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THE BEE: OMAHA. WEDNESDAY. SEPTEMBER 5, 1917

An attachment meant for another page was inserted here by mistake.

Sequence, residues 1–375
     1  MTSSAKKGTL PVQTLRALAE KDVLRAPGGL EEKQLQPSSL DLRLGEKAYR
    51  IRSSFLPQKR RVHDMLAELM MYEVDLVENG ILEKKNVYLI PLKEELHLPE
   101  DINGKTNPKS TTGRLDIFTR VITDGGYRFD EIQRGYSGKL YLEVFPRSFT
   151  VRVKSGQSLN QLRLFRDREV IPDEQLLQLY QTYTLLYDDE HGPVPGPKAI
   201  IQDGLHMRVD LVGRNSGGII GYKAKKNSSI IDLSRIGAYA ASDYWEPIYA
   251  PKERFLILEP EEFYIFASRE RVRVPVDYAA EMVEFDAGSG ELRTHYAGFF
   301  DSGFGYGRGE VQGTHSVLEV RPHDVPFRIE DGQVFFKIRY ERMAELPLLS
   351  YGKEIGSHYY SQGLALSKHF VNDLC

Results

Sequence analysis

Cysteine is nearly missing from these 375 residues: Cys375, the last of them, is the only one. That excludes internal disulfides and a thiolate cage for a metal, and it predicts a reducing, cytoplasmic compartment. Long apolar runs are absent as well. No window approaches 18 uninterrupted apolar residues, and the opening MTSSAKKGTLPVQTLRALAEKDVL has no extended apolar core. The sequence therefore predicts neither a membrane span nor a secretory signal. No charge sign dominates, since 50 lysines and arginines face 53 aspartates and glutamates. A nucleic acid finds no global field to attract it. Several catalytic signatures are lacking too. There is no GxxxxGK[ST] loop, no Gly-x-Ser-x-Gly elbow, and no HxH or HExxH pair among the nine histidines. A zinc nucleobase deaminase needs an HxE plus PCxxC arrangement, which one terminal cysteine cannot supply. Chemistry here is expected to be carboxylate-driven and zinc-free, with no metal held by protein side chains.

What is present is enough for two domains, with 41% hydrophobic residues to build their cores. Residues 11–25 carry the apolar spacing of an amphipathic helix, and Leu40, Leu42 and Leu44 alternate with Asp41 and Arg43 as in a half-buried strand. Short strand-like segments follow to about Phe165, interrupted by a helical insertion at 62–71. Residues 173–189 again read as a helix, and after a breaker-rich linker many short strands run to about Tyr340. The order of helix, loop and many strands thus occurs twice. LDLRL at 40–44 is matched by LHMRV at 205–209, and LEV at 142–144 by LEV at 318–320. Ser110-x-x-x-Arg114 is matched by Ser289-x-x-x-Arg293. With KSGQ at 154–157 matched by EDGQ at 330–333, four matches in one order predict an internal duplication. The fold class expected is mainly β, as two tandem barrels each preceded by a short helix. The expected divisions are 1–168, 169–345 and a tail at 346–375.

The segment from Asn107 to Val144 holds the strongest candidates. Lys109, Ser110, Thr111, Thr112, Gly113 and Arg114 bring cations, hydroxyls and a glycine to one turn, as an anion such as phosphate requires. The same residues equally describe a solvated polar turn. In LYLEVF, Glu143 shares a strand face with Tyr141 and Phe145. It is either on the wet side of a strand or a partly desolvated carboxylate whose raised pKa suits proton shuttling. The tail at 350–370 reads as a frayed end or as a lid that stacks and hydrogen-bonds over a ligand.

CUY DADS TAKE A ISoldierBoys Boost Mess Larder When Their RAP AT WRESTLERS Disgusted that the Big Fellows Did Not Try to Wrestle in Match at Auditorium Monday Night. ''The fate of the wrestling .game, so far as Omaha is concerned, hangs in the balance, at least when it comes to pulling off future bouts in the city Auditorium. i This all conies about by reason of the fact that most of the members of the city council lean to the opinion that the Stecher-Pleijtina match Mon day night was impregnated with fake. At the meeting Tuesday morning, the council would nave Settled upon vrhether wrestling matcnes in the fu ture will be permitted in the Audi torium, but members," as a courtesy to, Commissioner Withnell, postponed action until his return to the city. The Auditorium is under his jurisdiction. Commissioner Butler started the campaign against wrestling tnatches in the Auditorium by saying: "These people who were principals in the match last night did not make any effort to wrestle. To protect the public, I think we should pass an or dinance, compelling wrestlers fo w restle if they are going to appear in the municipal building. If they will not wrestle, then abolish the game." Commissioner Jardine . expressed the opinion that even if the main match was not "rotten," it was not as good as the preliminaries. Mayor Dahlman said: "They did not make an effort to vjestle. They just spent" the time pul I".g"eacn ofher around the ring and people who were there weredisgusted with their performances." NETHAWAYxJURY , ASKS NEGRO BE HELDFOR TRIAL (Continued From Page One.) Quintet Sings Along Omaha Commission Row v UA few A is timony Saturday of Herdman, opera tor at Briggs station, near the Netha way home. Herdman had said he heard loud talking and arguments in the Nethaway home. "The loud talking he hear4 was my wife and I arguing about woman suf frage or the prohibition question," explained Nethaway. "We weren't quarreling." Explains Leaving Wife at Home. Nethaway also Said he understood it was the general opinion he should have taken his wife with him on the Sunday afternoon when she was mur dered. , "I want to- explain that," said Nethaway. "It was a common oc curence for me and my wife to meet at Brigg's Crossing. I would tele phone her and then she would leave the house so as to get there the same time I did." ' Testimony of the score of wit nesses was damaging to the negro. Whle the probe of the coroner's . jury last Friday and Saturday served only to deepen the mystery surround ing the brutal slaying of Mrs. Netha way near the railroad track in South Cut on the Northwestern railroad a wee4t ago Sunday afternoon, the fin ish of the inquest cleared tip a lot of unexplained points and gave the jury enough evidence to recommend the negro being held for trial. Identifies Knife. One of the most important wit nesses caNed was John M. Lucas, employe at the Country club, who had a trunk at the home" of Frank Mitigate, 5614 Blondb street. The ' Millgate home was robbed a couple at days prior to the Nethaway mur der. Two of the stolen articles were a hunting knife, which he positively identified as one found hear Mrs. Nethaway's mutilated body, and the other a black handled razor, similiar to the one recently discovered at the murder spot. . Though the knife, a long, keen bladed, wicked-looking piece of cut lery, had reposed in the trunk for five Tears and had not been seen by Mr. Lucas during that time, he im mediately recognized it because of a peculiar twist to the blade. The razor, of which he'was not so positive, re sembled one of three which had been in his trunk, he testified. ' n Kings Are Stolen. Mr. and Mrs. Millgate told of their house having been robbed.-Mrs. Mill gate lost a sapphire ring, a turquoise ring and an old wedding ring, none of which have be,en recovered. Mrs. Nellie JJascombe, Fifty-sixth and Hamilton streets, whose . home was visited byt negro she positively identified as Smith the day before the murder, told -of the black's threats made to her and her children. The Bascombe home is1 only five blocks from the Millgate residence. "The negro came, into the yard about 8:30 o'clock in the morning," she said. "My husband had gone to work early. The negro was standing beside the housfc with one ear against ,-4hc wall when I saw -him. -I was frightened. ' i . " " .,' 1 Threatens - Woman. 11 "He asked me all sorts of questions and" let me know he knew my hus band wa3 away. He asked me for food and I refused. Then he threat ened me. . J went inside the house, locked the door and handed him something to eat through a windbw. Hei sri.; J one of the babies before going away. ' He walked .southeast." Harry Rogers, manager f a "gro cery store in Florence, said Smith was in. his place of business both Friday and Saturday before the mur der. ' "He bought 10 ceiit. worth of food Friday, but he just came in, looked around and then walked out when he called Saturday," Rogers testified. " - ; Seen at Briggs' Crossing. ' Frank Tourek," 1707 South Four teenth street, tojd of meeting Smith at Briggs' crosing at 2:30 o'clock on the afternoon of the murd,er. Tourek said the negro asked the way to Sioux - City. After hunting for grapes at Briggs' crossing and going into an apple orchard near the track, Smith walked down South 'Cut toward Briggs' station, Tourek testified. .. When confronted by Tourek in county ait Smith immediately recog nized him and said: "You is de white man 1 saw-when I was hunting grapes that Sunday." ' Y ' " ' " ' Carry Persons Up Hill. Two' witnesses told of making iests of carrying, persons up the steep i-j eiin "t'm'iu the trackito the scensj The famous quintet of the Fifth Nebraska machine gun company, lo cated in the armory at Twenty-fifth and Farnam streets, made quite a haul when they went on a singing tour amo'hg the commission men yes- terday. They collected rrfore than a wagonload of good things to eat by the sweet strains of their melodious voices. For a time at least they will have plenty of green garden truck and melons. MS- of the murder, thus exploding the theory it would have been impossible for the murderer to liave dragged the unfortunate woman up the grade. J. E. JRickertt, 2209 Davenport street, a friend of the Nethaways, who joined in the search for the mur derer and investigated the murder spot afterwards, said he carried a 144 pound rrtan up the grade from the track to the murder spot Monday. Mr. Rickertt said it was ninety three feet from the railroad track to the murder spot,. The hill was on a thirty-two degree pitch, he testified. Nethaway Interrupts. J. F. Badgerow, brother-in-law of the murdered woman, said he also made a test, carrying his wife, sister of Mrs. Nethaway, up the spot from the track. He said another man al most ran up the grade with his wife on his shoulder. Mr. Badgerow, Wlib had been tes tifying that he believed Mrs. Neth away was carried to the murder spot from the track, was interrupted by the husband.of the murdered worn. a. Nethaway asked that his brother-in-law tell of the tests made. Mrs. Badgerow, Flo ence Heights, broke down in her testimony when she got to the point of telling how she learned her sister had been mur dered. Nethaways Happy. The Nethaways had been happy during their entire nineteen years of married life, she said. "My sister wor shipped her husband -and he treated her with the utmost kindness. She never complained." Mrs. Badgerow asked permission to tell the jury how her sister was tied wlfen she viewed the body the first time. "Nellie's hands were tied, oh, so tightly, with a piece of cloth, but not with a piece of her undergarment. Her outer skirt looked like it had been cut off nearly up- o the waist by some sharp instrument, not torn off. Her undergarment had been entirely removed. There was no jewelry on her because she never wore any." - i Finds String of Beads. Mrs. Nettie Goettsche, 709 Main street, Florence, told of finding part of a string of beads, identified as hav ing belonged to Mrs. Nethaway, last Sunday when searching near the rail road racje. These were found fifteen feet from the track. Six single beads were found nearer the track. This testimony strengthened the theory that vMrs. Nethaway was attacked while walking along the railroad track and then dragged or carried up to the spot where her body was found. William Paulsen told of seeing a negro, afterwards identified as Smith, going west in Florence between 12 and 1 o'clock on the1 day of the mur der. Other witnesses were Myron Learned, Omaha lawyer, to whom Nethaway showed a couple of pieces of land on the afternoon of the mur der; John Anderson, caretaker on Mr. Learned's country place, who drove the car and went with his employer and Nethaway that day, and Foss Armstrong, who found Mrs. Netha way's empty pocketbook near the spot where she was murdered. DRAFTED MEN OF INITIAL QUOTA REPORT TODAY (Continued From Fsge One.) Omaha Men Called to the Colors Edward Oleweckl George A. Parks, , James P. McCabef . Julian Staszklewlcf, Emll F. Munidt, Adam Matuk, Mike Sahaluslsky, Joseph Wleteekl, structicftis and railroad and meal tickets. Most of them will be given permission to spend the night at home under Orders to repwrt again to the v board shortly before train time tomorrow'. About 30,000 men, most of wh5m have been selected because of pre vious military training or experience as codks, are included in the first quota. By tomorrow night they will be in the sixteen .cantonments, ex cept those at Yappank, L. I., and Ad-V01"; p. Murphy, miral, Md., where construction is not completed. Recruits in Charge. Each district's quota will be placed in charge of one recruit, to whom will be given War . department warrants for transportation and meals -and au thority to command the men until they reach camp. Arrangements "for traveling expenses already have been made by the local boards. ' A letter from President Wilson, made public today by the White House, addressed to Thomas -JU Chadbourne, jr., of the mayor's com mittee on" national defense, New Yosk, reads as follows: "Please say to the men on Septem ber 4 how' entirely- my heart is with them and how my thoughts will fol low them across the sea with confi dence and also with genuine envy, for I should liTJe to be with them on the field and in the trenches, where the real and final battle for the inde pendence of the United States is to be fought, alongside the other peo ples of the world, struggling, like' our selves, to make an end of those things whioh have threatened the integrity of their territory, the lives of their people and the very character and independence of their governments. Bid them God speed for me from a very full heart." The following lists of men called for service by the local boards have been duly passed upon by the proper local and district boards a'nd are cer tified as selected for military service and not exempted or discharged: ' FIRST DISTRICT. , Division Two, Omaha. Herbert BIrchard, Nels C. Froxlfr. . Max-Feeny, Patrick W. Kennelljr. Adolph Orlnrewlci, Steve Pozlnch, Albert Larson, Jo George Solcxyk, Eugene Bruner, John Junto, Anton Bortka, George O. Wright Joseph Orgurlch, Frank Shrlnek, Robert Plnknton, Johnny Jonrs, Thomas p. Green. Harry J. Gutlfoyla, Lawrence Ginskt, Stefan Btga, Moysls, Chlco, Ooorge Ttaent, Joseph N. Bush, Oscar L. Ifalverson, Jan Zdanowcs.4 Stanlslaw Jodoloskl, Balaslawas JanukenasH?. E. Morrison. Edward McGlmrsey, John J. Reumplng, W. M. Wandberg, Pemetra Pop, W. L. Harris, James Rollins. ' Arthur D. Madsen, Steve Orourl, Frank Slopnk-ka, M. B. Lenahan, Frank T. O'Connor J. F. Asehenbremeft Magnus E. Smith, Cleo McDonald, Jens B. Jensen, Alexander Tecevah, John Bartley Mike L. Welch. Lee Tbbbs, Frank Vampola, Henry L, A-tkotter, Robert F. Wllsom, Joseph J, Zesulajt, Vernon LeR. VanscoyKll Nistor, Walter toznlak, Joseph 8amueIson, Joe Saslcn, Ixuis Peachansky. Joseph R. Pankovy Claude O. Steward, John Leonowtcz, John T. Nystrom, Wladyslaw Wleczorek, Joe Pretl, Milan Deklch. John Laccan. l Dale Talbot, George Brook, Jovo Prevlch. Charles Slmont Louis Cass n, - V George AVrlght. Ignacy Saneckl, Edward Duda, Michael Surharewskl, Henry Degramds, . Frank. Bmansky. Body of Man Accidentally Drowned is Sent Home The body of Bernard Rillian, which was found floating down the Missouri river near the American Smelting works Monday afternoon, was sent to Cherokee, la., this after noon. While painting on the Illinois Central railroad bridge about nine days ago, Killian slipped from a beam and fell into the river. Men working with him immediately secured a boat and attempted to rescue him but his body did not come to the surface of the water and was not seen again un til Monday afternoon when river men, thinking it was a log, went out to drg it in, but found it was a dead man instead. Get Tour Money's Worth Save waste in buying as well as m eating! For net results ' raw V is an ideal cereal-prac-. tically 100 nutrition. In using Grape-Nuts you , Save in Buying Save on Cooking Save on Serving Save on Waste Save on Spoilage - Save on Health "There's a Reason" 'for Grape-Nuts i The Food With The Snappy Flavor. WOMEN PREPARING . FOR REGISTRATION Questions Bothering Some Are Answered by Mrs Bax ter, the Publicity . Chairman. Questions bothering many Omaha women who desire to register for war service cn woman's registration day, September 12, arc answered by Mrs. W. F." Baxter, publicity chairman. "Many women ask whether they must bo "naturalized in order to reg ister. Tht is not-necessary. Regis ter anyway, but we urge naturaliza tion. "Women who have already regis tered with the National League for Woman Service think they need not register again. They should rereg isteis stating that they have previ ously enrolled with the service league. "Some women say they are already doing so much war relief work they cannot register "Tor anything more. It isn't necessary. Let them merely state on the cards what they are al ready doing. r "Women should overcome the fear they are pledging themselves on the registration cards to do something they will not be able to fulfill." RegistVarsare urged to attend the registration classes Wednesday and Friday of this week at the public library, so far as possible, so as not to crowd the classes next week. Bee Wants-Ads Produce Results. PHOTOrtATS. Last Times Today . EMMYWHELEN Miss Robinson Crusoe Thurs.' GAIL KANE Marguerite Clark - i THE AMAZONS MUSE HER HAT'S IN THE RING LOUISE GLAUM' in "Golden Rule Kate" A Femsda Gun Fighter It Mor Deadly Than a Man "THIRST" Keystone Tathe Newt Weekly Last Timet Today ANITA STEWART "CIoveTTRdllion" AML'SEM EVfS, BASE BALL OMAHA VS. ST. JOSEPH September 3 345 ROURKE PARK Monday. Sept. 3, Two fumes: 1st calico1 2:15 Srpt. 4 S, gams called 3:15 Box Seats at Barkalow Bros. An Opportunity for War Gardeners to Win Prizes What will be a unique and per haps a most unusual contest to be put on by an exclusive ready-to-wear store will be started Wednesday at the Benson & Thorne company. This month, in the midst of potato digging, and this season, when sg many bushels of potatoes were planted, due to the nation-wide move ment to utilize every foot of available ground for fod supply, this contest is timely and one that most everyone in Omaha or thereabouts may take a part in. Cash prizes amounting to $90 will be given away in the follow ing manner: Twenty-five dollars for largest potato grown; $15 for. second largest potato; $10 for third largest potato; $1 each for the next ten larg est. In addition to this Benson & Thorne offer $15 for the most freakish potato grown; $10 for the second most freakish potato; $5 for the third most freakish potato. Thhi pertains to the shape of the potato or any peculiarity it might have. , Any man, woman or child who has a potato patch in Omaha or vicinity may enter this contest. Potatori must be sent or brought to the ad vertising department not later that 6 o'clock Friday, September 29. A cord must be tied around Jne potato with card attached which bears tht name and address of the contestant Only two specimens are allowed each contestant; namely, one large potato "and one freakish potato.' Four competent judges, will ' bfc chosen from a number of disinter ested, prominent business men of Omaha to make a fair and just dis tribution of the prizes. . "he collection of potatoes received during this contest will be given tKa worthy charitable institution. New Paving Ordered By the City Council By ordinance the council has or dered the paving 'of Twenty-seventh street, from Fort street to Ellison avenue. Asphaltum cehent is the ma terial to be used. , Fortieth street from Davenport to Hamilton has been ordered repaved with sheet asphaltum and Jackson street, frohl Seventh to Ninth, with brick. . AM1SFMKNTS. OMAHA'S POPULAR THEATER DOROTHY SHERMAN and 6 SOUTHERN SERENADERS "IN THE DAYS OF 186Q" HALEY and HALEY Snappy Mixed Songs RODWAY and EDWARDS Two Funny Fellow JESSIE BAKER and CO. "Twin Befs at 3 A. M." PHOTOPLAYS SUPREME EARLE WILLIAMS "TRAlRESON" TEETH I DR. McK.ENNEY Says: good looks when your teeth Jeave you." Heaviest Bridie I Best Silver FU1- Work, per tooth, I tags $4.00 Wonder Plates worth $15 to $25, $5, $8, $10 We please you or refund your tnaner. McKENNEY DENTISTS 14th and Farnam 1324 Farnam St. ' Phone Doug tat 2872. 50c Best 22-k Cold Crowns $4.co : a V "' aV 1U) Dorothy Shoemaker, Harry Mtntura W. M. Mortimer, Director ALL THIS WEEK Matinee Today 2:30 Edward Sheldon' Novelty Drama. "Romance" SEATS NOW ON SALE tagst 25c-3Sc-SOc-75c Boxes, $1.00. fcven Mat. i Sun.. Wed Sat., 2Sc-3Se-50c. "OMAHA'S FUN CENTEIf ' tCmitCtjm Mats., 1S-2S-S0C )jfMMgM Eveninit, 2S-B0-75c-l TUr Orit rMbl I A UC .Musical I rib U2 I Wlliftll Burlesque FRANK FUNNY F1NNSY And Great Cast In Mr. Finney's Elixir "111. OLD N'YOilK" Beauty Chorus of Bean-Eating Boston Cirlt. LADIES' DIME MATINEE WEEK DAYS sat. Met. aa Wek: Billy Wattoa's Beef Truit Phone ,Doui. 494. THE BEST OF VAUDEVILLE Mstlnis Dally. 2;Ul Nliht. 1:11. Thli Weak. KARL JORN: JEAN ADAIR & CO.r DEIROs OAL LAGHER a MARTIN: McCsrty 4 Faye; The Fl. mlngi: Gallos : Orphnum Trsvsl Watkly. Prlofi: MstlsM. salltry. 10c: Butt Bull (MMt Saturday sua 8uttdy). 29e; Night. lOo. 2S, too and 75o. BA AHpecial Mat. Today W I lf Tonlle, Lest Time. "The Millionaire's Son and the Shop Girl" Matinees, All Seats, OP. Nightt, 25c. 35c, 50c, 75ca-JC .NEXT WKKK. "MTEI LIVELY." Brandeis Sunday and Monday Sept. ana 10 Matinee Monday Irving Berlin's Syncopated Musical Success "Watch Your Step" A Rag Time Riot With 75 People. Nights, 50c to $2.00( Matinee, 50c to $1.50. Note Brandeis Players Lay Off Above Days. TurpinV School of Dancing Announcing the New Season. ( Opening September 10, 1617. Adult Beginners' Class. Mondays and Thursdays, 8 p. nr. Adult Advance Class, Tuesday, September 11, 8 p. m. Pupils should join the tirat lesson. Phone Harney 8143 or call personally, 28th and Farnam Sts. Terms moat reasonable. High School Class, Saturday, September 22, 8 p. ro. (Age 14 to 17.) Children't Class begins Saturday, October 23, at 2:30 p. m. Train Service SEPTEMBER 3-8, 1917 OMAHA TO LII1G0LH LINCOLN "TO OMAHA REGULAR TRAINS From Omaha daily 7:10 A. M. 8:20 A. M. 9:15 A. M. 1:50 P. M. 4:25 P. M. 7:50 P. M. 12:20 A. M. P. M.-4:20 SPECIAL TRAIN TUESDAY, WEDNES DAY AND THTRSDAY From .Omaha at I A, M.; from South Omaha at S: 15 A. M.; returning from Lincoln depot ado P. M. REGULAR TRAINS From Lincoln daily at 6:10 A. M. 8:00 A. M. 10:45 A. M. 1:15 P. M. 1.50 P. M. 4:30 P. M. 6:00 P. M. 11:30 P. M. Will not stop opposite Fair Grounds. " SPECIAL TRAIN TUESDAY, WEDNES DAY AID THURSDAY From Lincoln depot at 10 P. M. All Westbound Regular and Special Trains from Omaha from 8 A. M. up to and including the 1:50 P. M. train, will stop at Fair Grounds; Eastbound Trains from Lincoln will not stop at Fair Grounds and should be taken at Lincoln Depot. ' The Evidence Concrete Roada Reduce Tractive EUort t THIS means that substan tial savings in hauling, . in wear and tear on vehicles, in gasoline and tire expenditure, are effected on concrete roads.- Here's the Proof The Good Roads Buraaa of the California Automobile Association in cooperation with the Agricultural Encinoering Division of the University of California, has just completed an exhaustive series of testa on ail kinds of road surface. Concrete showed the lowest tractive) re sistance. The table below shows how concrete compares with two well known road surfaces water-bound macadam and the ordinary dirt road. Concrete offered about MavMJref the resistance of water bound macadam and the earth road re quired nearly tour ffanes) mora hanBoa effort than concrete, WEWEV Portland Cement for road Improvements insures a lasting lob. Reasonable in initial cnet the np keep is remarkably low. Smooth surfaces. No mud. No dust. Good 366 days a year. 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